Moreover, determining productivity zones during the sowing period helps with the application of phosphate and potassium fertilizers, which are especially important at this particular stage of the season. For example, high productivity areas need more potassium and phosphorus, because with active growth, plants absorb more nutrients.
OK, we’re done with sowing, what’s next? Moving on to fertilization. The differential application of N-fertilizer during the vegetation period involves a personal touch to the nutrition of crops on every field zone.
Such technology will save resources by applying the exact amount of fertilizer needed to optimize the development of crops in each zone. Moreover, differential fertilization reduces environmental impact and makes your farm eco-friendly, since regular application of large amounts of nitrogen negatively affects the soil microbiota and groundwater.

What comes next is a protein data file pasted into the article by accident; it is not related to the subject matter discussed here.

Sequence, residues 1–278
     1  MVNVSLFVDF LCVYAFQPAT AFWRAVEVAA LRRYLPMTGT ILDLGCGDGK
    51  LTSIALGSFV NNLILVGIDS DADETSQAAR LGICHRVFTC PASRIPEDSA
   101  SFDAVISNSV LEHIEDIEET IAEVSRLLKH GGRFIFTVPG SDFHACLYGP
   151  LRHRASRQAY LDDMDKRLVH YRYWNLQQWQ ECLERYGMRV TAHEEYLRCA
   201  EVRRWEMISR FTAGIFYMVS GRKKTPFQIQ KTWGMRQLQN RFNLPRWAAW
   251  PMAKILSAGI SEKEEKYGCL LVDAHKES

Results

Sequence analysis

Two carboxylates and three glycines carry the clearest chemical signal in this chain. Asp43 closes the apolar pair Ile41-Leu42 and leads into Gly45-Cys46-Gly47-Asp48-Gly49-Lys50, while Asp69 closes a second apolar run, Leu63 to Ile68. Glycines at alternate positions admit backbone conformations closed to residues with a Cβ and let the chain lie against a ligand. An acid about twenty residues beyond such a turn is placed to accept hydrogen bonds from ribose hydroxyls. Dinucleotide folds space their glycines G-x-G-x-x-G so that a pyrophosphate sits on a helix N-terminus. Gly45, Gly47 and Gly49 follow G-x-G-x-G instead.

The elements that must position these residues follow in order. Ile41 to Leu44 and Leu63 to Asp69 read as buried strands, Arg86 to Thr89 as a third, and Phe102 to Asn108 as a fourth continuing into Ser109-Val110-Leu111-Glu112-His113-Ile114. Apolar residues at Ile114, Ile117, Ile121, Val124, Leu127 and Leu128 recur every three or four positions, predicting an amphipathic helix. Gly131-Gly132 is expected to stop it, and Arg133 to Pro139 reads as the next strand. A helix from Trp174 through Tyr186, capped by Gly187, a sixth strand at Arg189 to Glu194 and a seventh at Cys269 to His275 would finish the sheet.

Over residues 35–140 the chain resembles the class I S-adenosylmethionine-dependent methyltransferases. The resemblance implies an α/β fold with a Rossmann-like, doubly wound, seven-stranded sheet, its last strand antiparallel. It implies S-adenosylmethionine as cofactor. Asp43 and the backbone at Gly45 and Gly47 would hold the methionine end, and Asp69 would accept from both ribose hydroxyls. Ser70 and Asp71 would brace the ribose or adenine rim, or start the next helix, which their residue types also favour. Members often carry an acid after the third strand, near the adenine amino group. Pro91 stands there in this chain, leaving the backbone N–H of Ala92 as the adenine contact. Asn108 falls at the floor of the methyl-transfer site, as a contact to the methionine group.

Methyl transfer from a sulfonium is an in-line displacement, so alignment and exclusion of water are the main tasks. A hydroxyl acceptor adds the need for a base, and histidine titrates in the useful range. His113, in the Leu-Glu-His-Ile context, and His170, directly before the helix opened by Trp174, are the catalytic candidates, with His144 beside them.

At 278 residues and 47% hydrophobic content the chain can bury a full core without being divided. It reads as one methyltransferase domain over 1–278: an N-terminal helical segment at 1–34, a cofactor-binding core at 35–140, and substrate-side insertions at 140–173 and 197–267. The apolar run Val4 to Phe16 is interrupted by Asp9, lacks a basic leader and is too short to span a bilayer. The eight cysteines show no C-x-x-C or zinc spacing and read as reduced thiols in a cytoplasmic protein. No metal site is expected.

As a result of the denitrification processes, nitrates are recovered to nitrites and then to gaseous oxides, which have a significantly greater greenhouse effect than carbon dioxide. On top of the environmental pollution, exceeding the norms of nitrogen application negatively affects human health due to the accumulation of nitrates and nitrites in agricultural commodities.
The differential application of N-fertilizers should be performed using the latest satellite image only, right after a drop of the vegetation index is detected. Otherwise, the loss of precious time can turn into a disaster.
Ag Chemicals Going Smart